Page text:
Forty-five per cent of candidates recommended for appointment as judges in the year to March were women, it has been announced.
In addition, more than a third (36 per cent) of all shortlisted candidates (the stage before recommendation) were women.
The figures were highlighted in a new bulletin from the Judicial Appointments Commission (JAC). The category of judge with the most initial female applicants were district judge – 49 per cent of all applications for such roles were women. By the recommendation stage, the proportion of women had increased still further, to no less than 60 per cent.
The category of judge with the lowest number of female applicants, by contrast, was circuit judge: just 14 per cent of the applicants for such roles were female. But the proportion of female candidates for such roles had also increased by the recommendation stage: to 25 per cent.
Nationally, 25.2 per cent of all appointed judges were women in April last year.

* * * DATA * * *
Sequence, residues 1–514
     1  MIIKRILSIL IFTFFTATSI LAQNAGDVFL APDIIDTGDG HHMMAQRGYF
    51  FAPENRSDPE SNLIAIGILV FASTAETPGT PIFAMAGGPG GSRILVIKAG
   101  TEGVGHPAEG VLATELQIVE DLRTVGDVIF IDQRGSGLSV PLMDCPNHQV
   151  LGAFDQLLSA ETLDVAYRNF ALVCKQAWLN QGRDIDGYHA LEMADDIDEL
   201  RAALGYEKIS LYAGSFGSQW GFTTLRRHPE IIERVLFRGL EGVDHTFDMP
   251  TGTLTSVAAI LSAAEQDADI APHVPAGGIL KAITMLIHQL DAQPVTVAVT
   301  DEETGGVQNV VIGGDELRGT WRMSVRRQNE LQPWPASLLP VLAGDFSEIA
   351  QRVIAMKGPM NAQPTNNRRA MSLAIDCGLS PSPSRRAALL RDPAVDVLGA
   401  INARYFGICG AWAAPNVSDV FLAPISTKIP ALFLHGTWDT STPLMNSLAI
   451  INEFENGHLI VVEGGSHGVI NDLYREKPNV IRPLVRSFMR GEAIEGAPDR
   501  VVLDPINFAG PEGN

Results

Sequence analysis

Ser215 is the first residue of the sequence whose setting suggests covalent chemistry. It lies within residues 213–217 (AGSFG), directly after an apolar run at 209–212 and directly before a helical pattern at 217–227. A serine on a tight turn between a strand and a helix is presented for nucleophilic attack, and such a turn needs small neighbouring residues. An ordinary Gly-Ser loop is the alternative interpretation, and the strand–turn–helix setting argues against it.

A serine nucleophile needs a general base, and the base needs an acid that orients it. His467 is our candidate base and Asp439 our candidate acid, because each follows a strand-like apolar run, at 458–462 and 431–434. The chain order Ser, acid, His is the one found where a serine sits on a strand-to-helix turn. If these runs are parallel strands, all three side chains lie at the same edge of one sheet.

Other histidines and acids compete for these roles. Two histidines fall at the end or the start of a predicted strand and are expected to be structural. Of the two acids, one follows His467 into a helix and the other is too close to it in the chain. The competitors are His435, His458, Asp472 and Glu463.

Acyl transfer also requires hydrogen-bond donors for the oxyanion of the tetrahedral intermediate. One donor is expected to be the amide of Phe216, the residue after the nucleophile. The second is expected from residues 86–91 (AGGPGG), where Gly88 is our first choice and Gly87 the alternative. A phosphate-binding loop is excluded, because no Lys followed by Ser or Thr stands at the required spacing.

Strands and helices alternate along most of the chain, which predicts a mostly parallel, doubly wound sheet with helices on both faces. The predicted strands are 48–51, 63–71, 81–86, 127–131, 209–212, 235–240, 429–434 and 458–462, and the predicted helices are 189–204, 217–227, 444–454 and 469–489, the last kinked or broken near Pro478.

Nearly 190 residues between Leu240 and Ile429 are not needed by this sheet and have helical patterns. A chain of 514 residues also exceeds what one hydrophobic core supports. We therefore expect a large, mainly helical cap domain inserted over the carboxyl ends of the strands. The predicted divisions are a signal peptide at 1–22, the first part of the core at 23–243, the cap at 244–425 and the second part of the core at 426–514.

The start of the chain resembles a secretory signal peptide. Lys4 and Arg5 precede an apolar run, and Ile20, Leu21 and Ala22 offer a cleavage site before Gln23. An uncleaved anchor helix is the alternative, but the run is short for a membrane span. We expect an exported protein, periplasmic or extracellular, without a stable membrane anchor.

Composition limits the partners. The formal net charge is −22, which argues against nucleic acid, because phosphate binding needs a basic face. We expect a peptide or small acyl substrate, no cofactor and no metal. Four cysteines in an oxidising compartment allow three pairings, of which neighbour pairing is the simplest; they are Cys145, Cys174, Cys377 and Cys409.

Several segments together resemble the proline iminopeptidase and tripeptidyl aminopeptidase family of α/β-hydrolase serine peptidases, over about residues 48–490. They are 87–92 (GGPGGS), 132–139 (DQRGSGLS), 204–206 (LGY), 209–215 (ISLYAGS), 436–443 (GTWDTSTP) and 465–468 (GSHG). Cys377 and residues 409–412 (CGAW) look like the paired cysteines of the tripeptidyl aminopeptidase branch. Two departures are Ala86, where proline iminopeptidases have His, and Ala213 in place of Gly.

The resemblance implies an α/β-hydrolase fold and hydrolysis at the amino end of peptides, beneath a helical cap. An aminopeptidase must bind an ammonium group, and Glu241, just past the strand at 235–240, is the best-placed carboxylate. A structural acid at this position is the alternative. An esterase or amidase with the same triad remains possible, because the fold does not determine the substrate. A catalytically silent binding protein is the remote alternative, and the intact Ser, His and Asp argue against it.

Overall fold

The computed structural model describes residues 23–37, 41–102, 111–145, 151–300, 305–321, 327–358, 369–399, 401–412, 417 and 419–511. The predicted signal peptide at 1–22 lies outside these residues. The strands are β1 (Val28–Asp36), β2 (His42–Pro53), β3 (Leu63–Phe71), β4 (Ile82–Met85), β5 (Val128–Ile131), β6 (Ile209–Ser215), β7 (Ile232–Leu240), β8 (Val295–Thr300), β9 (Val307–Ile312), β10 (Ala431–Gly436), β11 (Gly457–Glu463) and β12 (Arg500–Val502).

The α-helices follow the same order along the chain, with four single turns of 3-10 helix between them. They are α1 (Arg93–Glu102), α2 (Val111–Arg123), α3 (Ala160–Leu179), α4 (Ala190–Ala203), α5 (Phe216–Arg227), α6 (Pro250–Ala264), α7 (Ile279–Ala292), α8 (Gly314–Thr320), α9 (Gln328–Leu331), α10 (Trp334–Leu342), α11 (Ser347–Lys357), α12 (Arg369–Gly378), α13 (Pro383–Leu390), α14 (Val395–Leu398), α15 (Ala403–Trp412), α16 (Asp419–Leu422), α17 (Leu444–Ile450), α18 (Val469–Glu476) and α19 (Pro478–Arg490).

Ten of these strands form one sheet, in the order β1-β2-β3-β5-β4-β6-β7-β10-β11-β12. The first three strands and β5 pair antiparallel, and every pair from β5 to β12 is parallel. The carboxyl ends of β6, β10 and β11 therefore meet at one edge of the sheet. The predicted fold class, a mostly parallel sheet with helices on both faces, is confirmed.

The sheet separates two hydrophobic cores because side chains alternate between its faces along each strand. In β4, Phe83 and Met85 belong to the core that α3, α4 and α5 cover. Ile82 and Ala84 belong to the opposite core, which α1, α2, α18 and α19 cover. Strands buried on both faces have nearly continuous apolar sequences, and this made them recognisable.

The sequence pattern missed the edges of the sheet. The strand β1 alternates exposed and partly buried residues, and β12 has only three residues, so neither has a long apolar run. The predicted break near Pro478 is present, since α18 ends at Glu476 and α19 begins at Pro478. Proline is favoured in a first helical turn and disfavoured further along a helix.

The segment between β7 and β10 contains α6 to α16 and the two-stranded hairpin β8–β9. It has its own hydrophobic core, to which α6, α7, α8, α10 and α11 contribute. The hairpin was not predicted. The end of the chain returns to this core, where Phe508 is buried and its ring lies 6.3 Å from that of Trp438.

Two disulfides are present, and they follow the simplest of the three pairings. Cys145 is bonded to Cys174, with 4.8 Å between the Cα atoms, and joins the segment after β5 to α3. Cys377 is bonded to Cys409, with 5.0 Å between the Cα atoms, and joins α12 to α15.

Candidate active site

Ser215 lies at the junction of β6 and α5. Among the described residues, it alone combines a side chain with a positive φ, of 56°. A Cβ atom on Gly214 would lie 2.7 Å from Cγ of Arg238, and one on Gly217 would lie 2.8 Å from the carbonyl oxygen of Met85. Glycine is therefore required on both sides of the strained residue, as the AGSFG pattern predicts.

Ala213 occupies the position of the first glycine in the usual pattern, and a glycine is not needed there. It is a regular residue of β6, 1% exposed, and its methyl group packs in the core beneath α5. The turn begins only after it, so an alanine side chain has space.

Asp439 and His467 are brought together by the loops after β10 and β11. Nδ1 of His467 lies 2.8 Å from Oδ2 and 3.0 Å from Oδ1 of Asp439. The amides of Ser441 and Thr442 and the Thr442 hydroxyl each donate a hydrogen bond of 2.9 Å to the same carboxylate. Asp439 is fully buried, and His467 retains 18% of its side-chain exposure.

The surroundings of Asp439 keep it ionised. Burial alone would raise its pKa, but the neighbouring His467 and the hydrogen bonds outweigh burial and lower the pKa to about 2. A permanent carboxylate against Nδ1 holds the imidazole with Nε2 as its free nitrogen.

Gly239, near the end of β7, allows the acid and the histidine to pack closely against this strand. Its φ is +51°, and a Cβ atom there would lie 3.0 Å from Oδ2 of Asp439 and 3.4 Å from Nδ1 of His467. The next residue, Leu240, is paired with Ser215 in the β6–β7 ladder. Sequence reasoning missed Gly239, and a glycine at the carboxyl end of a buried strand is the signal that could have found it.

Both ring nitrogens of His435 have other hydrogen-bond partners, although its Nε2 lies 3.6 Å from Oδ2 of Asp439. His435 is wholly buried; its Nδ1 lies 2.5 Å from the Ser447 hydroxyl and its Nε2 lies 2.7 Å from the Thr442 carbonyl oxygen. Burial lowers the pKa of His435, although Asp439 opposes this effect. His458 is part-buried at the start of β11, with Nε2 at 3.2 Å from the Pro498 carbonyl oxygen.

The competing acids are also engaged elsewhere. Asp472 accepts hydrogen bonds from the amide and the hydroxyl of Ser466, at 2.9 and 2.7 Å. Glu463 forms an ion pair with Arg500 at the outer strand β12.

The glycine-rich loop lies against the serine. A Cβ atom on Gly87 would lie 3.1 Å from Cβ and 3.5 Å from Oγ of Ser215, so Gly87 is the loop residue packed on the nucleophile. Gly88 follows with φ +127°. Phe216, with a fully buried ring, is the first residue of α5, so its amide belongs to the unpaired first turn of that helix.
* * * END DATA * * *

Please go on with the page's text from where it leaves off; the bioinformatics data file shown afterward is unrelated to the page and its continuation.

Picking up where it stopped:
Meanwhile, the proportion of judicial candidates from black and minority ethnic (BAME) groups remains low: 16 per cent all candidates, 10 per cent of shortlisted candidates and nine per cent of recommended candidates.
Bar Council Head of Equality Sam Mercer said:
“At every stage of the process, BAME applicants did less well than their white colleagues. This inequality is unacceptable. We urgently need to work in partnership with organisations across the legal sector, and with government, to find out why this distortion is occurring and take immediate measures for correction.”
Read the JAC bulletin here.
As the name suggests, the Judicial Appointments Commission is a government body responsible for the selection of judges.